Roman Numerals I to MM: Liber De Difficillimo Computando Numerum

Roman Numerals I to MM: Liber De Difficillimo Computando Numerum

by Arthur Geisert

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Overview


With a farm of pigs as his abacus, Arthur Geisert uses elements of a search and count game to bring Roman numerals to life in this unintimidating math-concept book. First, the seven Roman numerals are equated with the correct number of piglets. Then the reader may practice counting other items—hot-air balloons, gopher holes, and more—as the remarkable adventure unfolds. (And yes, there are one thousand pigs in the etching for M!)

Product Details

ISBN-13: 9780618153213
Publisher: Houghton Mifflin Harcourt
Publication date: 09/24/2001
Pages: 32
Sales rank: 790,256
Product dimensions: 9.81(w) x 8.00(h) x 0.16(d)
Lexile: 650L (what's this?)
Age Range: 4 - 7 Years

About the Author


Arthur Geisert’s unique and exquisite etchings have been widely praised and exhibited at the Chicago Institute of Art, among other museums. His work is regularly selected for the Society of Illustrators’, annual Original Art exhibition, and his illustrations are now being collected by the Dubuque Museum of Art. He lives in a converted bank in Bernard, Iowa.

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Roman Numerals I to MM: Liber De Difficillimo Computando Numerum 4.1 out of 5 based on 0 ratings. 11 reviews.
harriewatson on LibraryThing More than 1 year ago
This book is charmingly illustrated about Roman Numerals. I have placed it in the concept category even though it would probably not be accessible to emergent readers. The book is endearing enough that I think very young listeners who are just learning to count would enjoy sitting with an adult counting out the pigs, rocks and balloons, even though the Roman Numerals would probably evade understanding. As a specialized book it fits many criteria such as a narrow, specific content, advancing from simple to more complex, and sub-topic organization. I don't think this book would be accessible to most young readers on their own. I can see this book being used as a fun way to review Roman Numerals in grades 4-6.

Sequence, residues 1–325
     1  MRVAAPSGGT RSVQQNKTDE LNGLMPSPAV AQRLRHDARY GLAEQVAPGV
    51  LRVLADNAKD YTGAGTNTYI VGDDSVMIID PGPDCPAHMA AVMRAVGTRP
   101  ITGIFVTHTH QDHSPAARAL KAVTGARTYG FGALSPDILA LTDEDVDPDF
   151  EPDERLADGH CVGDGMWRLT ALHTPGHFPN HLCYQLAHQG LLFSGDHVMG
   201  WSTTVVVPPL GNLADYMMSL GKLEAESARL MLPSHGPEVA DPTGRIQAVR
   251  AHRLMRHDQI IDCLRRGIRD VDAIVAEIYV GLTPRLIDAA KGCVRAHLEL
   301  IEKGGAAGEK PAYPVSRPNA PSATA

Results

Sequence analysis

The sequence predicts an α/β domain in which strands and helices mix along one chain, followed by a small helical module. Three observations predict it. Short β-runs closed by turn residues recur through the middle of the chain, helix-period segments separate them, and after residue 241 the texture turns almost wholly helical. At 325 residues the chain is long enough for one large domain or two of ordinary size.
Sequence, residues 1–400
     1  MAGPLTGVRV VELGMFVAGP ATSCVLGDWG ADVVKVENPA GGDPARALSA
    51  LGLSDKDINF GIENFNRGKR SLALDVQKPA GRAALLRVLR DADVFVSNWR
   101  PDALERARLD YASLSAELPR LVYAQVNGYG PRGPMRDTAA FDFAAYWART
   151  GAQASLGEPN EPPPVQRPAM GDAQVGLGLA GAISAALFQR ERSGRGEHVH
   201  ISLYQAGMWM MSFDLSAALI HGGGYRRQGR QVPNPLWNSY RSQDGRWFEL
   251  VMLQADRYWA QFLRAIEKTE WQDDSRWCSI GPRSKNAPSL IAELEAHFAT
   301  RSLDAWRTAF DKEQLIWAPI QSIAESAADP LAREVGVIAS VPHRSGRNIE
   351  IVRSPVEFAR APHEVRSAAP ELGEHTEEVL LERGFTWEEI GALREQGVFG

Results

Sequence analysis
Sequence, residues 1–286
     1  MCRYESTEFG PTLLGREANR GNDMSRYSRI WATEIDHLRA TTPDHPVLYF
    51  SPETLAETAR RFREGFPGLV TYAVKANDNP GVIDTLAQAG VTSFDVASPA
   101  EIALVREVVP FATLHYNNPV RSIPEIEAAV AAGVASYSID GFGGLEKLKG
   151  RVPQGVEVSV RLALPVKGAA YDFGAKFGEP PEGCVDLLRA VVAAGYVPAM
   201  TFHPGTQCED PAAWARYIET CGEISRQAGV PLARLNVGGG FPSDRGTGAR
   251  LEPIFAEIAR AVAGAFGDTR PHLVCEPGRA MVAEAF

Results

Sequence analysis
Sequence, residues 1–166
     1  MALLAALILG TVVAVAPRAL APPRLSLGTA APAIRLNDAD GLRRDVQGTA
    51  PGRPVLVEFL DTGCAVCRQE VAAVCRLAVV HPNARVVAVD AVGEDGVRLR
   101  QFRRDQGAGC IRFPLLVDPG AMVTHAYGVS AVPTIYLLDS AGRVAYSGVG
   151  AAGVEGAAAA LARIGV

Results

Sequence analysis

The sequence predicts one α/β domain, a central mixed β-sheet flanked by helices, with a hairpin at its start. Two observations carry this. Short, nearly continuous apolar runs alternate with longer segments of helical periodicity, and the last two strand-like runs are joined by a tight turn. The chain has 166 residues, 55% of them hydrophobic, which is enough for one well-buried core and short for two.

Rita6 on LibraryThing More than 1 year ago
This Roman numeral book explains the Roman counting system with pictures of pigs. One pig for Roman numeral I, two pigs for Roman numeral II, and so forth on. This picture book would work well for students beginning to learn their Roman numeral numbers. Although the illustration is taken a bit far with the pigs, it is great that the students can have an idea of what one hundred or one thousand pigs look like.
eevers on LibraryThing More than 1 year ago
This brief story teaches the reader how to read Roman numerals using pigs then gives several detailed pictures of things to count to practice using Roman numerals. "The best way to learn Roman numerals is to use them."
Anonymous More than 1 year ago
Gets dragged in
Anonymous More than 1 year ago
He dragged in ((sorry, forgot name))
Anonymous More than 1 year ago
She nods, happy to hear the apprentice got free. She turns and trots back to her camp, making a mental note to come back often and check.
Anonymous More than 1 year ago
Nevermind.. she escaped. Thank you for talking with me. Feel free to go back to your camp but check here often. I may have news involving Ms. Fern. He leapt inti a tree and dissapered.
Anonymous More than 1 year ago
&crown &kings &king &hearts &smile &smileyface
Anonymous More than 1 year ago
Anonymous More than 1 year ago
dh325 More than 1 year ago
This book uses great drawings of the roman countryside to illustrate how to use roman numerals. My son was able to do the numbers of years by the end of the book. I also found it helped me to remember the years. Now the 4th grader can do something better than his older sibs! Good job Mr. Geisert. We will be looking for more of your books.